COVID-19 pandemic one year on: ICN warns of exodus of experienced nurses compounding current shortages
11 March 2021
Geneva, Switzerland, 11 March 2021 – The pandemic has put nurses under enormous pressure and there has been a huge increase in the number intending to leave the profession. But even if governments invest in training more new nurses now, it will take at least three years for them to become registered nurses, and they will be novices who will need time to be able to step into the shoes of their more experienced colleagues who are leaving right now.
A year on since the World Health Organization (WHO) declared COVID-19 a global pandemic, a new International Council of Nurses (ICN) survey reveals that nearly one in five of its National Nursing Associations (NNAs) surveyed report an increase in the number of nurses leaving the profession. 90% of them are ‘somewhat or extremely concerned’ that heavy workloads, insufficient resources, burn-out and stress are the factors that are driving that exodus. WHO has confirmed the mass trauma of healthcare workers, highlighted by ICN in January.
The world entered the pandemic with a shortfall of up to six million nurses and an additional four million expected to retire by 2030, which puts the global nursing workforce under an intolerable strain. ICN says large numbers of experienced nurses are leaving the profession or considering calling time after the pandemic, which should be a wake-up call for governments to invest in nursing jobs, education, and leadership before it is too late.
Healthcare systems were shown to be woefully unprepared for such a global emergency, with many countries lacking sufficient intensive care beds, ventilators and other technology, and a worldwide shortage of personal protective equipment.
Many nurses contracted the virus and ICN is aware of 3,000 nurse deaths related to COVID-19 but believes that is a gross underestimate due to a serious lack of data, an issue first raised by ICN a year ago.
ICN President Annette Kennedy said:
“I am deeply concerned about the state of the nursing profession, the mental and physical trauma nurses have endured over the past year and the many who may suffer post traumatic stress. ‘The strain that nurses are under is unacceptable, and it is no surprise that so many are feeling the pressure and deciding that they can no longer continue in the jobs they love. When dedicated and experienced nurses call time on their profession, it is a clear indication that something is seriously wrong. Nurses cannot be expected to continue if they are overworked and under-valued. Our nurses have gone way beyond the call of duty this past year: governments must now repay their dedication and commitment with the support nurses need to carry on their vital work for the patients, families and communities that they serve so well.”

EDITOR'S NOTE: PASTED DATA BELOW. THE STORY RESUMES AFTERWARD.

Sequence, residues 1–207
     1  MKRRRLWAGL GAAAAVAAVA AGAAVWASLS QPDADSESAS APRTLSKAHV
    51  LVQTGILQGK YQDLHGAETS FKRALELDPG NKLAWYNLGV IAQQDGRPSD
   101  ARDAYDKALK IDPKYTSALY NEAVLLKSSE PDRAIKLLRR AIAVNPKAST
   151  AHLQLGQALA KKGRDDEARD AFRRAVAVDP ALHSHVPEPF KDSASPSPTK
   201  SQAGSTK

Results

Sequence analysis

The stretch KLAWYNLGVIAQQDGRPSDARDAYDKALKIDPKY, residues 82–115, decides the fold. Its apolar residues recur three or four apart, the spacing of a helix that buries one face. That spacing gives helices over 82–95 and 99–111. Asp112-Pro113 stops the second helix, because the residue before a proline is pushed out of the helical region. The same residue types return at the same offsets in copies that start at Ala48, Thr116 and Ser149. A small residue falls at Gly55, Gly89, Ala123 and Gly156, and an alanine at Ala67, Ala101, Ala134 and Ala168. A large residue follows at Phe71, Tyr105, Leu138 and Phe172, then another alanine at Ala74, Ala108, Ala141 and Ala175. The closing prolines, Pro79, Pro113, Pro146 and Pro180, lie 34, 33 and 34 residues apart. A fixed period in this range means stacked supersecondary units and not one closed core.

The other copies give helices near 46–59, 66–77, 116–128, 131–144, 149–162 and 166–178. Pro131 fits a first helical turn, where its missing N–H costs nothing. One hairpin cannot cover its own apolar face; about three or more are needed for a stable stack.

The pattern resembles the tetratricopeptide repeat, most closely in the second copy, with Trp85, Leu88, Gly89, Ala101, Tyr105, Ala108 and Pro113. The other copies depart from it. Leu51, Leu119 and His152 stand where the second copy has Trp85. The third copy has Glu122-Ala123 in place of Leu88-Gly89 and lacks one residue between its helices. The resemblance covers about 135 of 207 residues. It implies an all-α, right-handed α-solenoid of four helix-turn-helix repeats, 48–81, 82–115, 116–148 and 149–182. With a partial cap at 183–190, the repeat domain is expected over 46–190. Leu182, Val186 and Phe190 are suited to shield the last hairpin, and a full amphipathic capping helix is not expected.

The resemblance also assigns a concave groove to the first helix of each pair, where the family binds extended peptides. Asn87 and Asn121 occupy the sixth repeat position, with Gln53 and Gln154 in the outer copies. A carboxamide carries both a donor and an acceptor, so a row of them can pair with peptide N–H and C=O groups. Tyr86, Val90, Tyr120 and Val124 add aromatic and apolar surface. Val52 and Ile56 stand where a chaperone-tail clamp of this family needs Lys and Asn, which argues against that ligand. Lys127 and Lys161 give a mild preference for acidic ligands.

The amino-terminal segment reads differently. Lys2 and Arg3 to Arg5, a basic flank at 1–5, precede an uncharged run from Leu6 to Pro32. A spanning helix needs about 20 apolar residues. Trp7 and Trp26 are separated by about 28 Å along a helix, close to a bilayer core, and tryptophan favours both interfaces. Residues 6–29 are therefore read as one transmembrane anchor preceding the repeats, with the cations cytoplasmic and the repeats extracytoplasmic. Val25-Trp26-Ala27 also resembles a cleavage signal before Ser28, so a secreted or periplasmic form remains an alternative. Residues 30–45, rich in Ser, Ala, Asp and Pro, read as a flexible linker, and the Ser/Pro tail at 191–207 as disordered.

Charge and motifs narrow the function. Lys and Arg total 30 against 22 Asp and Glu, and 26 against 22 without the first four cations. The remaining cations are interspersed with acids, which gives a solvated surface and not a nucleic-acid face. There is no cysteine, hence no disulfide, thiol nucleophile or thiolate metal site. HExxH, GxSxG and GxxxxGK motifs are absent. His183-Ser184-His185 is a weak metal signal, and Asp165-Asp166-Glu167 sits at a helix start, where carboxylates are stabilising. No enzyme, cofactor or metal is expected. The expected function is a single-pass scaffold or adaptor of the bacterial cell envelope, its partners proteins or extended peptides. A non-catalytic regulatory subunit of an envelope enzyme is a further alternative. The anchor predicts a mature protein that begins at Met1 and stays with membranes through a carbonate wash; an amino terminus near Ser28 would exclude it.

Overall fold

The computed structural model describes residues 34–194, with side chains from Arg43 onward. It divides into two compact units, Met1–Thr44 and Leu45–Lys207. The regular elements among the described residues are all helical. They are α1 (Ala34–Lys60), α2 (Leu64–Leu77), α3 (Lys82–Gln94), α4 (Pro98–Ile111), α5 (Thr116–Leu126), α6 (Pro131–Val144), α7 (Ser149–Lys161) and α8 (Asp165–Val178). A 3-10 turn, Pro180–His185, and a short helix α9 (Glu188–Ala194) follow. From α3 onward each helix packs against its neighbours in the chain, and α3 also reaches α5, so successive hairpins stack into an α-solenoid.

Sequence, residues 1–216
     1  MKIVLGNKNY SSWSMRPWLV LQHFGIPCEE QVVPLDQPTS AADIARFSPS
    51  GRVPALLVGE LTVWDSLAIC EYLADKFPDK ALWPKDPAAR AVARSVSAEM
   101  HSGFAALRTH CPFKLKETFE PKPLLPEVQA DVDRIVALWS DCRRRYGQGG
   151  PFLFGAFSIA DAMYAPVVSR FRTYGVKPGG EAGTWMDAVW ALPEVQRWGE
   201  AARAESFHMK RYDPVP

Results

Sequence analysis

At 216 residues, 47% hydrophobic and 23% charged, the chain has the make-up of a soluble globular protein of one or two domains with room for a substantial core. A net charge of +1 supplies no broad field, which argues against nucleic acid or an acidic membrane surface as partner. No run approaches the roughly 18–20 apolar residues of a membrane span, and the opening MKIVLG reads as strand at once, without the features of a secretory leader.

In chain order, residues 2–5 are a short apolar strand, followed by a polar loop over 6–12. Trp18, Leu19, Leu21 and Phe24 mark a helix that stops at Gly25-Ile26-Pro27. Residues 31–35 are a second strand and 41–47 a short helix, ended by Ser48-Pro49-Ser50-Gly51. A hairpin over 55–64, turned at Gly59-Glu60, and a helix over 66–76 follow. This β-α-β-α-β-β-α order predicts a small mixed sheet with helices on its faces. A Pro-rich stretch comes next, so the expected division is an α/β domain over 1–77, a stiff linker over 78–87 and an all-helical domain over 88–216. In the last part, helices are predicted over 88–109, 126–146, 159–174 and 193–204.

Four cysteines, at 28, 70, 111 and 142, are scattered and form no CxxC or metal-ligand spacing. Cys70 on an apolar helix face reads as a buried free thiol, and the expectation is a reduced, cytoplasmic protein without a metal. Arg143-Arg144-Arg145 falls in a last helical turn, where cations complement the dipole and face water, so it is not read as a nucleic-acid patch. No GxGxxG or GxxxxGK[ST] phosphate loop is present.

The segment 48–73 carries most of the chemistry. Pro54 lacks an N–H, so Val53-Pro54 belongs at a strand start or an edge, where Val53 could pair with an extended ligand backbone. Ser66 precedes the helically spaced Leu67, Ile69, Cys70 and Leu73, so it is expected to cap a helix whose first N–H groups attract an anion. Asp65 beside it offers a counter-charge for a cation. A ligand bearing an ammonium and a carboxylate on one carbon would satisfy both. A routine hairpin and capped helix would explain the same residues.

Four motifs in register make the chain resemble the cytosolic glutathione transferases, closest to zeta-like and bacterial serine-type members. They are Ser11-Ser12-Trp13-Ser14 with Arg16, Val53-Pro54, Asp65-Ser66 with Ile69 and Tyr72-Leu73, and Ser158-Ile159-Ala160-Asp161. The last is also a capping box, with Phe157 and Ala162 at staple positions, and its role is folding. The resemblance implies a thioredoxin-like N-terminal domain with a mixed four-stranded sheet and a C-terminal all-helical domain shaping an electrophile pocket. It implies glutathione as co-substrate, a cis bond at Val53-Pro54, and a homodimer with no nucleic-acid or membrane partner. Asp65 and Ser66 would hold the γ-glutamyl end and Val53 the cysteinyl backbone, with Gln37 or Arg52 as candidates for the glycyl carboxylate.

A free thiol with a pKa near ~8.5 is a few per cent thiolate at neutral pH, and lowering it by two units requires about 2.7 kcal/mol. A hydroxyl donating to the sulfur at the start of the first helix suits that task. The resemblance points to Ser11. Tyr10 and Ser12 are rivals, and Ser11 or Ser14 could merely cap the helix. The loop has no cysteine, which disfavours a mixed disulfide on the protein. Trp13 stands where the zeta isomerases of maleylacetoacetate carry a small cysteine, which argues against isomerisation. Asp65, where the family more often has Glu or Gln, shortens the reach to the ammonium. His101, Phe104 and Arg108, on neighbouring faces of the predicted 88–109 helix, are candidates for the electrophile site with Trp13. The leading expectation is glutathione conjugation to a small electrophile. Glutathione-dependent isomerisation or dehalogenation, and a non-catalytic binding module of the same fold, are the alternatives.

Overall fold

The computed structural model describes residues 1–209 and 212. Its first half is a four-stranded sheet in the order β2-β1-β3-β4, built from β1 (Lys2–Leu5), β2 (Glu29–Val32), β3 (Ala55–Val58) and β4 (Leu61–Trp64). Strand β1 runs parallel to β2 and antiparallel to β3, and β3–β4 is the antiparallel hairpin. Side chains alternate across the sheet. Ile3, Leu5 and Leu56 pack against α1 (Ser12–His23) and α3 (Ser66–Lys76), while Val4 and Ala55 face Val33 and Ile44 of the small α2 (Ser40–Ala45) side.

ICN Chief Executive Officer Howard Catton said the new data shows that difficulty in retaining experienced senior nursing staff, an effect of the pandemic that was expected to occur in the long term, is happening right now.
Mr Catton said:
“This unwelcome anniversary should be a line in the sand that marks a fundamental change in how healthcare services are funded and organised. One year on, the nursing workforce is looking over a precipice: the COVID Effect on nursing is real, it’s an imminent threat to the security and strength of our healthcare systems, and it might get even worse.
‘ICN has been reporting on what has been happening with the global nursing workforce over the past year, and we have seen how the COVID Effect has severely damaged our nurses’ physical and mental health. ICN has called it a mass trauma and WHO Director General Dr Tedros has confirmed it as such.
‘Now we are seeing a perfect storm caused by the mismatch between increasing healthcare needs and the supply of experienced nursing staff. Add in the pent-up demand from untreated non-COVID conditions, and the fact that it takes three or four years to make a novice registered nurse, and the outlook is bleak.
‘The COVID Effect on the global nursing workforce, coupled with the current shortage of six million nurses and a further four million heading for retirement by 2030, could see the global nursing workforce of 27 million nurses being depleted by ten million, or even halved. With growing healthcare demands waiting in the wings, we cannot allow the number of experienced nurses to continue to dwindle. We are hearing of governments’ good intentions to recruit new nurses for the future, but it takes three or four years to train them, and many more years to build up the experience necessary to become nursing leaders and experts. Hence the urgent need to support and retain our current workforce.
‘Retaining our most experienced nurses will require bold actions from governments, including making improvements to pay and working conditions, enabling older nurses in particular to have flexible working arrangements, and providing appropriate mental health support to help them deal with the traumas of the past year.
‘We have pushed world’s nursing workforce to close to breaking point throughout this pandemic. We still have a chance to protect them, but time is short: we are at one minute to midnight and the clock is ticking.”
Read the report here
Download the press release here